Female consumers and female brokers For some brokerages, an increase female consumers is a reason to hire more female brokers. Jason Back, managing director of The Australian Lending and Investment Centre, MPA’s number-one independent brokerage, revealed why ALIC are hiring with consumers in mind: “We believe that our industry suffers from both the issue of an ageing workforce as well as poor ratio of women in finance. With over 54% of our population being female, why would we not look to engage with the majority demographic through the talented and empowered women in our business and look to grow that model into the future?”

This opinion was not shared by all the brokers MPA talked to. Bianca Long,principal of Mortgage Choice Glenwood, said that women approaching her because of her gender is a rarity. “The reality is, overall, men and women don’t care what your gender is, and they’re not overly concerned about your age. They just want someone who’s good, who knows what they’re doing, and someone they can trust.”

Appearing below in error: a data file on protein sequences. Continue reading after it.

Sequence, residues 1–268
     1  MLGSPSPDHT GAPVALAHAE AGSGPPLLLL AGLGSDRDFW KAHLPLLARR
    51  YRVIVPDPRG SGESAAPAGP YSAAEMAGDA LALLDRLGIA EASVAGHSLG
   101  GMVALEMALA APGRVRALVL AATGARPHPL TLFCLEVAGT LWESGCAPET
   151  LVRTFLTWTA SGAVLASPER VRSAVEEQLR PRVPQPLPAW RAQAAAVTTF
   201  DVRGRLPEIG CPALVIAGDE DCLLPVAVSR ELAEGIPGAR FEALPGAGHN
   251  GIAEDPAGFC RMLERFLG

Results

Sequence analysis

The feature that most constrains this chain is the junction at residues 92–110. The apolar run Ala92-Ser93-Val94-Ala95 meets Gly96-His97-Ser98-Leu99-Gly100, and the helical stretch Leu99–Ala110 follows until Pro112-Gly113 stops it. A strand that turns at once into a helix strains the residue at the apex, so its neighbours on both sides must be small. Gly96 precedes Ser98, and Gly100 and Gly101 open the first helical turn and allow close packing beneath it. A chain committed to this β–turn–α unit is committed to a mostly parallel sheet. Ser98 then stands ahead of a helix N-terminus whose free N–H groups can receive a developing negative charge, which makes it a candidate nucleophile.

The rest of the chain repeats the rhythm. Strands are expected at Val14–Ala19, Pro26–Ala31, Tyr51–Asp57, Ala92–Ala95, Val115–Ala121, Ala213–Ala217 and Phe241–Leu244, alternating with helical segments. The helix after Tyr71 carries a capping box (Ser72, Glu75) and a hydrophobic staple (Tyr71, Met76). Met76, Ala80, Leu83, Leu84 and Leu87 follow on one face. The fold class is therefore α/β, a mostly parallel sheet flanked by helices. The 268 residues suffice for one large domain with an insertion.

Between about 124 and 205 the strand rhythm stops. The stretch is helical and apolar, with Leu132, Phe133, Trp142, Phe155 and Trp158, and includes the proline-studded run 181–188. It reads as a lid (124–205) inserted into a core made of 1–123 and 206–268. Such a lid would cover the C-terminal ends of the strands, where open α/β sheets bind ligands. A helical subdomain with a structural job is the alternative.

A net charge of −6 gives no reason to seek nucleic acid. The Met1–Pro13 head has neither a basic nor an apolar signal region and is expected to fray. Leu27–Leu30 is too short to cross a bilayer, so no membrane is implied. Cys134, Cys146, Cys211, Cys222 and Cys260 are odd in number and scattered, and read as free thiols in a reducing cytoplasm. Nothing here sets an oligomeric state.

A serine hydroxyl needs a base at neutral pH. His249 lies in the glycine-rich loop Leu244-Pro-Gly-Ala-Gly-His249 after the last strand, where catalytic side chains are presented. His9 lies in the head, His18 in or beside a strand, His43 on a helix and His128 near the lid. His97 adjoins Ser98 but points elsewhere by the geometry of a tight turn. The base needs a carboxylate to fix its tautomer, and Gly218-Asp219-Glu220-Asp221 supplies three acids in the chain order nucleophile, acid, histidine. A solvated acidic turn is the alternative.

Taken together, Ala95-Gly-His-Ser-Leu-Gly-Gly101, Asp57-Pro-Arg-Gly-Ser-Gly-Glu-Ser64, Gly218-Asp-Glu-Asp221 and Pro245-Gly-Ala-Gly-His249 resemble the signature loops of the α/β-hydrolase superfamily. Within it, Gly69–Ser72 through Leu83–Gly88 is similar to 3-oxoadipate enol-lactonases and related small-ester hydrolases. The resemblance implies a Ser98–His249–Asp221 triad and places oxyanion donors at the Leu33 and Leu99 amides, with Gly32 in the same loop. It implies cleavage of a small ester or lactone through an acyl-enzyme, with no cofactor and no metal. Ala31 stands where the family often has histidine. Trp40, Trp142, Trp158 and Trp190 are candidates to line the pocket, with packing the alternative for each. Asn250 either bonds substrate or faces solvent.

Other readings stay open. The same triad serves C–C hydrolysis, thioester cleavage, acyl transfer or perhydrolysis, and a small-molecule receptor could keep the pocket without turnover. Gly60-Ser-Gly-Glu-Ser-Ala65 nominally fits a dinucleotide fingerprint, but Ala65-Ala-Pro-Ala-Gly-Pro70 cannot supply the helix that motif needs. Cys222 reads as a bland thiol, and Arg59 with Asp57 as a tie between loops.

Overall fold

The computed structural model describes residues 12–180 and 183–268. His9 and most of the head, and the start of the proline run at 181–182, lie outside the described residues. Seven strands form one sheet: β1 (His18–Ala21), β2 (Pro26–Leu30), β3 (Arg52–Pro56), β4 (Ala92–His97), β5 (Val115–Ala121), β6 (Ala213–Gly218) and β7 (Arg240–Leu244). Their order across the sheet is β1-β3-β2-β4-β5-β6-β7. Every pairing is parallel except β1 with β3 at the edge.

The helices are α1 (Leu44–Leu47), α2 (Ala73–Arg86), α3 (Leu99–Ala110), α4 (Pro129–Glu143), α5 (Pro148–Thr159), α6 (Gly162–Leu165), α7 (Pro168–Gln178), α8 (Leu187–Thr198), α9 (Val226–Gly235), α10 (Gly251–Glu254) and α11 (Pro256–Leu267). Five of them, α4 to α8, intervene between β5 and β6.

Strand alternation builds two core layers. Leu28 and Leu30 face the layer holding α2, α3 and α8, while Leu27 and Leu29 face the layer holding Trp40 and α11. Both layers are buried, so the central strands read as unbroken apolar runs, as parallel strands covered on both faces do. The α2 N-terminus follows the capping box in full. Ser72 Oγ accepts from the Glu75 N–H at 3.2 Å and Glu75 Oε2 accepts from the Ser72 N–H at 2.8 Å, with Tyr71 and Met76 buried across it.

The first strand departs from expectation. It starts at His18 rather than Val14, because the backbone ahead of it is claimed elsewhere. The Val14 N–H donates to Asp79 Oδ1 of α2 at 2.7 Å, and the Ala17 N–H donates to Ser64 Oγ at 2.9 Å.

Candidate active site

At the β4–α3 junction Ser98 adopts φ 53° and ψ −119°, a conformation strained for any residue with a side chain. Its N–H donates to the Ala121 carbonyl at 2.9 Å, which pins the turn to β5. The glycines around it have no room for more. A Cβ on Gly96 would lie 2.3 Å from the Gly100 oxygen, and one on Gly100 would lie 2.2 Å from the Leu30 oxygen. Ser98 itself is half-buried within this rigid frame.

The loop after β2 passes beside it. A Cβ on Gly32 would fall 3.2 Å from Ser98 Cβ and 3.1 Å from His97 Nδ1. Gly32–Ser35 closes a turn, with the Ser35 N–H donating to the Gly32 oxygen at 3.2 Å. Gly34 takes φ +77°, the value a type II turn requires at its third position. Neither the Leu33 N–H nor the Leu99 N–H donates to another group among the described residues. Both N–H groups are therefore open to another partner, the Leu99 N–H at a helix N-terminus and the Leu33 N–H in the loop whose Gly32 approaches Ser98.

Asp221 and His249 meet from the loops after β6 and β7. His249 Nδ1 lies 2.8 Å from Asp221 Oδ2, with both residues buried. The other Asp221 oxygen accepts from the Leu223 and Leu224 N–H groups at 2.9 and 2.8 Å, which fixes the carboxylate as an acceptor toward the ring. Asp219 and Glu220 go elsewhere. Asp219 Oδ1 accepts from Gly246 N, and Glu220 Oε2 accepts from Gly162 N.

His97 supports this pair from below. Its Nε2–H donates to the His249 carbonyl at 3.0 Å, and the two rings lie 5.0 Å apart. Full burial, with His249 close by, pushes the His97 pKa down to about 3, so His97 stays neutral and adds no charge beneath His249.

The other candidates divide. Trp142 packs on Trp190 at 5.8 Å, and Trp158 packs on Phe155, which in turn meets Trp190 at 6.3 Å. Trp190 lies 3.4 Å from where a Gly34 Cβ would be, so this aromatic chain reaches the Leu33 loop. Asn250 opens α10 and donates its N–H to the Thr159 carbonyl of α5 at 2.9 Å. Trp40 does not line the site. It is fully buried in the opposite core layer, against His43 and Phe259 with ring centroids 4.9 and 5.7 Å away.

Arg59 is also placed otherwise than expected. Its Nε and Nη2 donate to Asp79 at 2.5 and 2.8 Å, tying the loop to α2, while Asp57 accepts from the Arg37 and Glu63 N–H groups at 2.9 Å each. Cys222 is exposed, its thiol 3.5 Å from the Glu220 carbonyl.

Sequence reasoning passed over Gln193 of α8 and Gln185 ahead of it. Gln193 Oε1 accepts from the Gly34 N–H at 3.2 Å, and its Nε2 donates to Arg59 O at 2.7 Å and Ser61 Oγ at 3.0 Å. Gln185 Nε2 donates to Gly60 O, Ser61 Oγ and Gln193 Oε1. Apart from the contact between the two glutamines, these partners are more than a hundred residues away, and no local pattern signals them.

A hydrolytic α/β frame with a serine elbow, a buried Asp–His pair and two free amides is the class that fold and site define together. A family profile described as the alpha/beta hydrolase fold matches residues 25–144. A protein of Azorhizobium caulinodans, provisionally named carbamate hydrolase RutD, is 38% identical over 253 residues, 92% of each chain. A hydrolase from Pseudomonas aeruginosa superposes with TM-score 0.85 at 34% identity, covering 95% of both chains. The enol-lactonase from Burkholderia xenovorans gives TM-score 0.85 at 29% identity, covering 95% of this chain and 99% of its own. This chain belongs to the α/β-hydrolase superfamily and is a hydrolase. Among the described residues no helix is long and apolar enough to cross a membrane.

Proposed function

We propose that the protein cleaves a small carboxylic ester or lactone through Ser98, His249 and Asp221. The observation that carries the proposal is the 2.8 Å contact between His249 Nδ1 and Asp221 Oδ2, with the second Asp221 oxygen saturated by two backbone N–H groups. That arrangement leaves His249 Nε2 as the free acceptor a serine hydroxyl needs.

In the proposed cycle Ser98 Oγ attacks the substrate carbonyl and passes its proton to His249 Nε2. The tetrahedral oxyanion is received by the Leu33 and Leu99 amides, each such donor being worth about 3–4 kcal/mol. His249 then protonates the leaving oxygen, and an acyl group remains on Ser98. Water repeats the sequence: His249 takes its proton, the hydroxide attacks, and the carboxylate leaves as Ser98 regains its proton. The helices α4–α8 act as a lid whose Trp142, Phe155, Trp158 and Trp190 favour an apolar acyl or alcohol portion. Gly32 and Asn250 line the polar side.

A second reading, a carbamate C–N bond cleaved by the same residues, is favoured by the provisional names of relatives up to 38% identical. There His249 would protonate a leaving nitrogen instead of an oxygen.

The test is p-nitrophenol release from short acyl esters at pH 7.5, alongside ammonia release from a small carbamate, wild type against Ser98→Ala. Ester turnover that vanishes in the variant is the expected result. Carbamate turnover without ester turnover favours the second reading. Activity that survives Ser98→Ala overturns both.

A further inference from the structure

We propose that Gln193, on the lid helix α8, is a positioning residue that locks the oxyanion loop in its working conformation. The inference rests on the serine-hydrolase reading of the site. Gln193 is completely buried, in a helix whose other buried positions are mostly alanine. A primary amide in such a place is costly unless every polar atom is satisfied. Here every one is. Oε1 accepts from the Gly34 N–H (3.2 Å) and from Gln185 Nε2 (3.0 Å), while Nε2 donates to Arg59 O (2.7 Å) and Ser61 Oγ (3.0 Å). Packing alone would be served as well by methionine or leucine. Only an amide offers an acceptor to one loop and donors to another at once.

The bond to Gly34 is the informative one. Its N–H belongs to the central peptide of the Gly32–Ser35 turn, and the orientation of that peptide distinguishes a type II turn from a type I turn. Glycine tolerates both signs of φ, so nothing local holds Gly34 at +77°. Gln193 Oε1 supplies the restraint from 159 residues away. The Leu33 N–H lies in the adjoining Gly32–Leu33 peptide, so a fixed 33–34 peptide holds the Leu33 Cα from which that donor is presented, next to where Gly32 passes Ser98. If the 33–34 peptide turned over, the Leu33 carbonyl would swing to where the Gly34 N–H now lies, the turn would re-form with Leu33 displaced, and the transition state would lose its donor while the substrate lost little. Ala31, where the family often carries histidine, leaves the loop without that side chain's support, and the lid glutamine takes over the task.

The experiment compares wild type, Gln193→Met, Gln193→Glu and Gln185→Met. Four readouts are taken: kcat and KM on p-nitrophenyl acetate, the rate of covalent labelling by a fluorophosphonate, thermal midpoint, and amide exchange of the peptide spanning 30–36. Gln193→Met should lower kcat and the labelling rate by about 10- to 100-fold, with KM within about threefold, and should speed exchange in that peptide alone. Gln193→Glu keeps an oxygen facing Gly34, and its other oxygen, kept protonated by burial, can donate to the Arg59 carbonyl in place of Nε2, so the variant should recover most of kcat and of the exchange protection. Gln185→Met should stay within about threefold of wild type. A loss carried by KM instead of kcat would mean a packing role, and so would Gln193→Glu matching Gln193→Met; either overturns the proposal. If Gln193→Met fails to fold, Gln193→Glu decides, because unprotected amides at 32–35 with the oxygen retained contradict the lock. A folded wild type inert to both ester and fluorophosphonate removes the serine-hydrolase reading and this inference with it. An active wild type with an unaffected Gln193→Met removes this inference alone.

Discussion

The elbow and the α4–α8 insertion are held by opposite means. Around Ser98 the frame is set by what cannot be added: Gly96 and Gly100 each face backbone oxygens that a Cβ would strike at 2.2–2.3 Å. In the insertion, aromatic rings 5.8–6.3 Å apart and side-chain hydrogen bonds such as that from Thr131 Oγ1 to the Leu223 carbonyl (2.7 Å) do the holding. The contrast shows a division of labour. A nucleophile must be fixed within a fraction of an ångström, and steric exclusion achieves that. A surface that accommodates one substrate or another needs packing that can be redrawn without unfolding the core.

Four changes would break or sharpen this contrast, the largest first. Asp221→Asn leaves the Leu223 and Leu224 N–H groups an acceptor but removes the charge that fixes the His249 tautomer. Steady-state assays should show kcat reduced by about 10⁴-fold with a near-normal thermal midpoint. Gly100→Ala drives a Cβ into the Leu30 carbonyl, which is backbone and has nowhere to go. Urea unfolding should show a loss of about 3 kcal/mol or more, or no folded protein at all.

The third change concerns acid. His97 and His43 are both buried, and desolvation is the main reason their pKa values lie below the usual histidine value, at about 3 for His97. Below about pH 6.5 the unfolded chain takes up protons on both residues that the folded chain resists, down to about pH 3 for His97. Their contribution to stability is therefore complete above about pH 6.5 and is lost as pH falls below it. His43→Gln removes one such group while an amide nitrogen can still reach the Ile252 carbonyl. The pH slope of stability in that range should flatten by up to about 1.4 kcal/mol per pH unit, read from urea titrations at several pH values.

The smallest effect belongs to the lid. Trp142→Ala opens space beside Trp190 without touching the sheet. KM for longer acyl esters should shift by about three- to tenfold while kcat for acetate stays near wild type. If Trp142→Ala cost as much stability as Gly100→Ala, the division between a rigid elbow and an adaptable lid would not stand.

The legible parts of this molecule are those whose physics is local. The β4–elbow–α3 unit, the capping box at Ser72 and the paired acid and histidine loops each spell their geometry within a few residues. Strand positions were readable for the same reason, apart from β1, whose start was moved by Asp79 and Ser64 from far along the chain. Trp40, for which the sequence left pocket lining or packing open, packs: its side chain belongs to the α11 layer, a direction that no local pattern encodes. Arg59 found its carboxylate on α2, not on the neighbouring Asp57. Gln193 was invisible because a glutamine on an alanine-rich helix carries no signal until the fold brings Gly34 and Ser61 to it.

We also talked to Brendan Wright of aggregator FAST, who have run their Women in Business seminars since 2013. The industry does have a problem, he believes: “Whilst progress is being made, we are in an industry where the ratio of males to females is tilted fairly significantly towards males.” Building rapport is important, he argued, but “the benefit to our industry in having a good representation and balance in gender, ethnicity, experience  and thinking, is that we can cater to a broader range of consumer and business owner preferences. This will enable sustainable growth for many years to come.”